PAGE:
University of South Carolina criminology professor Geoff Alpert, considered a nationally recognized “expert” on use-of-force issues, said police abuse of handcuffed suspects is just “bad policing.” He added that “there’s no excuse for using force on a controlled suspect. That’s excessive when that happens.”
We agree. There can never be a legitimate excuse for beating a handcuffed suspect. Since Chief McClelland has not released the videotape of the four officers beating the burglary suspect, we cannot make an informed decision about whether the officers should have been indicted for felony assault. But we do share the concerns of the city’s African American community, who are too often the victims of physical abuse and shootings by the Houston Police Department, that the grand jury created the “appearance” of racial bias with its misdemeanor complaints.
Chief McClelland would have done a service to the community had he lobbied the District Attorney’s Office for the release of the video. Keeping it “secret” when it has been openly described by Quanell X, who has a copy and who has been threatened with sanctions if he releases it to the public, only fuels the “racial motivation” issue. If a video existed of a police officer being beaten by criminal suspects, Chief McClelland would do everything in his power to have it on every evening news broadcast urging the community to help identify the suspects.
“Seven officers lost their jobs today, and it’s our intent that they never work in law enforcement again,” Houston Mayor Annise Parker told the local media following the grand jury complaints. “When our officers behave in an inappropriate manner, they will be disciplined.”
While we laud the mayor’s commitment to accountability, we urge her to also encourage District Attorney Pat Lykos to make the videotape public. Lycos has said that “the first showing of the video will be in the courtroom …The defendants are entitled to a fair trial.”
While we certainly agree with the defendants’ right to a fair trial, we find Lykos’ decision troubling because the District Attorney’s Office has never been overly concerned about the impact the release of videotapes showing non-law enforcement criminal suspects involved in criminal activity would have on their right to a fair trial.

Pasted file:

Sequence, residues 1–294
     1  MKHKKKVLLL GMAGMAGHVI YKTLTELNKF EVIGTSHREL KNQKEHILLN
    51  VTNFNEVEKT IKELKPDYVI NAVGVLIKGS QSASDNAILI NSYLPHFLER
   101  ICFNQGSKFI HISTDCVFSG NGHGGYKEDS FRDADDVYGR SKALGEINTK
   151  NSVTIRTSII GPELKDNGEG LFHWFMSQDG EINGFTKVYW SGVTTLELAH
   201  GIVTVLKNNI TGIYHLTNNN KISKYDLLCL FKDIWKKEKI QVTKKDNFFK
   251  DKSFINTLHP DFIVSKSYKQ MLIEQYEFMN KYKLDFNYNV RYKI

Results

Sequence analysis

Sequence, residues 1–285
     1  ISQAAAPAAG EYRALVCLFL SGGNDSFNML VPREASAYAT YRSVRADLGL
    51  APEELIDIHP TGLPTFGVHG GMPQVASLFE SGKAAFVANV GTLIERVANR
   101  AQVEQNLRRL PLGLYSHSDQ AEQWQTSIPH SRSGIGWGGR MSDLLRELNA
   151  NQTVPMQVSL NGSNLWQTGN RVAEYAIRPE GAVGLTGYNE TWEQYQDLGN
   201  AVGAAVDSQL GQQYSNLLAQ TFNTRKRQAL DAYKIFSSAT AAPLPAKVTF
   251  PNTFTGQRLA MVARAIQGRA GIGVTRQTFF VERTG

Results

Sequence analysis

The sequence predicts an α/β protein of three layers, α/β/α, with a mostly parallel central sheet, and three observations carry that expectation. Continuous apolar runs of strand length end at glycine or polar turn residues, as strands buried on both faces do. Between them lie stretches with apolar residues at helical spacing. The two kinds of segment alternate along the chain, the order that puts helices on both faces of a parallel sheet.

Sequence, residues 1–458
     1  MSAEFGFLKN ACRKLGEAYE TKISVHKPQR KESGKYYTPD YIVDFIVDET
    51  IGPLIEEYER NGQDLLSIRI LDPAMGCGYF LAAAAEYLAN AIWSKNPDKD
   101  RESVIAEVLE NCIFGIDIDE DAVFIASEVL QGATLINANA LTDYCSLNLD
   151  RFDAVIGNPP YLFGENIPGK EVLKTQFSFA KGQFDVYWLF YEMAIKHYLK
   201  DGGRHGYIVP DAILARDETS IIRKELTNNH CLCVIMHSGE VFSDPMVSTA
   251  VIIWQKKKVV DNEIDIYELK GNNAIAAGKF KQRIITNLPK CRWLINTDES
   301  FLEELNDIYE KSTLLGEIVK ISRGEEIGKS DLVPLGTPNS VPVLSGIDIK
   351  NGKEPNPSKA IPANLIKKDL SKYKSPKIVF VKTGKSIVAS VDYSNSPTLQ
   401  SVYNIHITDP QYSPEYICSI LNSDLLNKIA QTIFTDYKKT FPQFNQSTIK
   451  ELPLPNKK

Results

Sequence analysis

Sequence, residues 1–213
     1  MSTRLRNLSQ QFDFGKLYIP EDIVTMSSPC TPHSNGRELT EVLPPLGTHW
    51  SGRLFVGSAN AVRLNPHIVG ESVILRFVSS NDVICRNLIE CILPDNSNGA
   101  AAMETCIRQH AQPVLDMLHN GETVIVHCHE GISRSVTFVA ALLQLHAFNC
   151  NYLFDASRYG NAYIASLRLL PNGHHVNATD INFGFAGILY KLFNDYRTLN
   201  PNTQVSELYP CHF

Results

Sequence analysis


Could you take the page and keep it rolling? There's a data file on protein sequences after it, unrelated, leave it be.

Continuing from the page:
We understand there are competing political interests involved in this potentially high-profile case. Rev. James Nash, secretary of Houston Ministers against Crime, told the Chronicle that “You can’t let a police officer hide behind a badge and commit crimes. When we start indicting these guys and give them what they deserve, that will send a signal to the rest of them … Even though we got something, I’m disappointed because it’s like a slap on the wrist … it’s a step forward, but it’s not enough.”
But Houston Police Officers’ Union Guy Blankenship countered with: “In no way is this[complaint] a conviction, but another step in the process of our criminal justice system. I think it’s important to note a very fast, very thorough investigation was conducted and presented to a grand jury relatively quickly, given the magnitude of the investigation. We’ll just let the process run its course and see what the outcome is.”
Lykos and Blankenship’s concern about the “process” is commendable but our concern is this: the only time you hear law enforcement officials or prosecutors speak supportive of the “right to a fair trial” in the criminal justice process is when a law enforcement officer or a powerful political figure is indicted. So if we find their concern for the process less than sincere, we have good reasons. And that’s why we support the release of the videotape. Let the tape speak for itself.
By: Houston Criminal Lawyer John Floyd and Paralegal Billy Sinclair